Alysha Caine studied Fashion Design at the Savannah College of Art and Design, graduating Magna Cum Laude in 2012. Since then she has been working for Macy’s in New York City as a designer on several of their private brands. At Macy’s she was most recently promoted to Associate Designer for the women’s brand Charter Club.
Part 1: Searching for an internship.
As a fashion student you have probably already been acquainted with the importance of internships. Interning gives you real-world experience in the fashion industry that cannot be matched by any class you take in school. It prepares you for your future career, not only by giving you a better understanding of the way the industry works, but also by increasing your network of industry professionals. Sometimes an internship can even lead to an actual full-time position. Keeping this in mind, it is wise for all fashion students to try to get an internship or two under their belts before they graduate, but that can be easier said then done.
When searching for an Internship DO:
-Talk to your school Career Advisor and follow up regularly. Hopefully, your school has done its due diligence to hire a career advisor that has industry experience and lots of helpful information on internships. They also will know what companies your school has relationships with, and when these companies might be coming to recruit on campus.
-Have a well-written coverletter and resume. Work with your career advisor and professors to figure out exactly what you should include. When you are applying to companies you want to stand out, and your resume will most likely be the first thing they pull up. Make sure it looks professional but still shows your personality (this is Fashion after all). Coverletters can often be a bit of a pain, but I would highly recommend sending unique coverletters to every single company you apply to. A well-written coverletter that includes specific information about the company you are applying to will show your dedication to obtaining that internship, and specific interest in the organization.
-Have a polished portfolio that can be viewed digitally. Again, you should work with your career advisor and professors to figure out exactly what to include. Even if you only have a few projects under your belt you must be able to show some examples of your work to potential employers. Be it a link to a portfolio website (you can join many nice ones for free) or a PDF attachment, make sure every company you apply to will be able to see your work.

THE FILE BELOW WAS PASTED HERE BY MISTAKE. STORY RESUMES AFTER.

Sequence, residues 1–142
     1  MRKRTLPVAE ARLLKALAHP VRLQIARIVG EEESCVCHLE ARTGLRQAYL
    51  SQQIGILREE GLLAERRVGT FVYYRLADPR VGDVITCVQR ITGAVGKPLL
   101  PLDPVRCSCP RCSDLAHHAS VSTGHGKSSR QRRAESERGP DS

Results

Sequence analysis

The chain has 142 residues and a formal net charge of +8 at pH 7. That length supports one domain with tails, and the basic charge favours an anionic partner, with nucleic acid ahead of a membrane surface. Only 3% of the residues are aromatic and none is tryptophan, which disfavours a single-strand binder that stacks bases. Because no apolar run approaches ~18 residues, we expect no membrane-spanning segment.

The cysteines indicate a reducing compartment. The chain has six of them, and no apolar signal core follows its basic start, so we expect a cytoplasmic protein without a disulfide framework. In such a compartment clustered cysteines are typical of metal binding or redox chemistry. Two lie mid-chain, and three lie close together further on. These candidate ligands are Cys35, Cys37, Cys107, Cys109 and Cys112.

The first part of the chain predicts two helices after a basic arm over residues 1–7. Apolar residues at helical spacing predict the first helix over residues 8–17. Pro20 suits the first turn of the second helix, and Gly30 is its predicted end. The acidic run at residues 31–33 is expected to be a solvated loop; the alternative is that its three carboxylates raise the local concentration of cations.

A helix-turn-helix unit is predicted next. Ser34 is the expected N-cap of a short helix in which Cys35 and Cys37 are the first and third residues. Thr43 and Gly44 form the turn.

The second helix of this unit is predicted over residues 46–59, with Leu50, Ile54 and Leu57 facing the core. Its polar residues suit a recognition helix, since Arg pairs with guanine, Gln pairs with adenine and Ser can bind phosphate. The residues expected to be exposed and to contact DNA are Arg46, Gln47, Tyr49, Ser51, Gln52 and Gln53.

-Apply, apply, apply. While seeking an internship you must get your name out to as many companies as possible. Scour the jobsites recommended to you by your school and career advisor. Make a list of every organization you’d be interested in working for and send them an email even if they don’t have a job list posted. If they like your resume they might keep it on file for when they are hiring, or they might be posting job listings on sites you haven’t been looking at. In my experience you only hear back from about 10-20% of companies you apply to, which is why I stress to you to apply to as many possible to increase your likelihood of getting interviewed.
When searching for an Internship DON’T:
-Be picky or narrow minded about what companies you apply to. Even if you have a specific direction in mind for your future career any internship in the industry will give you loads of experience and you shouldn’t be limiting yourself. In fact, interning in an area that you weren’t expecting to like might open your eyes to new possibilities for your future.
-Be scared of New York City. As you might know, many fashion companies are based in NYC, and though it is certainly possible to find internships in other cities, the majority of them are in New York. For those who are not already attending school in NYC, I would highly recommend spending a summer interning there. Though it is not financially possible for everyone, temporary housing is readily available, and the fact that you don’t need a car makes it great for a temporary stay. If you are doing your internship for school credit (which many employers require) you can use financial aid from your school to assist with living costs. Additionally, it will help you become familiar with a city where you have a good chance at getting a full-time job after graduating.
-Limit yourself to New York City. Though the majority of employers are indeed in NYC as mentioned above, there are a lot of great companies in other cities, specifically a few mass-market retailers. Some students might be resistant to intern in these less-glamorous cities, but a lot of these bigger companies actually pay their interns, and the cost of living is cheaper. Additionally, LA is another hub of fashion companies where you might find opportunities to intern.
-Be afraid to follow-up with employers. If you have had an interview you should follow up with a thank you as soon as possible. Sending a hand-written letter in addition to a thank-you email can’t hurt either. If the interviewer hasn’t gotten back to you within the time frame they told you they would, don’t feel like you’re being pushy to follow-up again. Sometimes they just need that extra reminder. Even if they get back to you with bad news, it’s better to know than to keep it hanging in the air.
I got my internship… what now?
With hard work and patience, being hired as an intern is absolutely attainable. However, obtaining the internship is just the beginning. Though the hard part seems to be over, starting your very first experience in the industry can be scary. Having intern experience is so valuable to your future career and many employers consider it a necessity when hiring entry-level employees. It can be very fun meeting new people and learning about the workplace, but of course it can be intimidating, sometimes stressful and un-exciting. In my Part 2 blog post I will speak about the Dos and Don’ts while interning in the field.